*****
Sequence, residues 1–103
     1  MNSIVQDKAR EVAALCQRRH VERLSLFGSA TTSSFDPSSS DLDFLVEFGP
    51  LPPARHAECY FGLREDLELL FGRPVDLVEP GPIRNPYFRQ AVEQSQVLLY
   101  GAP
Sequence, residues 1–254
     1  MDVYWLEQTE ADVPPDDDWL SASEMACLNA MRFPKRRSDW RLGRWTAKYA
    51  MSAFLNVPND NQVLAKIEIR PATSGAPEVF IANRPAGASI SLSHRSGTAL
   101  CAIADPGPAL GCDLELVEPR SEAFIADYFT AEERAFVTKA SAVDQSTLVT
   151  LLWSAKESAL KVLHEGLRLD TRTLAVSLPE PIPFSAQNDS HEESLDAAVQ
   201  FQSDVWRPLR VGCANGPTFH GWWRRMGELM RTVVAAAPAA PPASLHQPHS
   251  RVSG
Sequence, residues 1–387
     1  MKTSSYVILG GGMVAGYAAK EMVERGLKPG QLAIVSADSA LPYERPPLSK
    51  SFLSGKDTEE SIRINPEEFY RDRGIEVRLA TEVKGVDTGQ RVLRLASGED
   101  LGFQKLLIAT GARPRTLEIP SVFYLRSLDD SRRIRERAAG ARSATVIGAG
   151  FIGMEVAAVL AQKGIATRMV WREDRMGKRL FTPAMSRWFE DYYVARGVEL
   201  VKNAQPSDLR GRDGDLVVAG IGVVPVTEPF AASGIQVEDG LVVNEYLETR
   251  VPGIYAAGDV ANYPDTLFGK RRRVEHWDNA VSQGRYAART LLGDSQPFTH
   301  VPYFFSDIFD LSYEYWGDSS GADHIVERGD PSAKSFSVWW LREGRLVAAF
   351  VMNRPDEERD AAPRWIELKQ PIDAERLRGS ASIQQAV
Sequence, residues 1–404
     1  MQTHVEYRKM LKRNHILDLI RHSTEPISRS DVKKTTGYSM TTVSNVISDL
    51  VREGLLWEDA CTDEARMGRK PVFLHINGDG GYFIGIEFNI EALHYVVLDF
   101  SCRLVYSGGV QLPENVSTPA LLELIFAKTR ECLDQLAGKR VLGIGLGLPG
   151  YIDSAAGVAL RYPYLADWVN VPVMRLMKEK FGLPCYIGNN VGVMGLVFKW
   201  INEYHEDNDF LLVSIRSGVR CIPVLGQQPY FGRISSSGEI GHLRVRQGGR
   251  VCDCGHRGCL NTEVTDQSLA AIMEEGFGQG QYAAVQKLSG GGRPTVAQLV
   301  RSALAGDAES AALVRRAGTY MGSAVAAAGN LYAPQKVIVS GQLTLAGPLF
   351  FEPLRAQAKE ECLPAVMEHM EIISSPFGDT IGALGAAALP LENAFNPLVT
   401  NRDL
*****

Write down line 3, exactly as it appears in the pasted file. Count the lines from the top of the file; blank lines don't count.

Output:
    51  LPPARHAECY FGLREDLELL FGRPVDLVEP GPIRNPYFRQ AVEQSQVLLY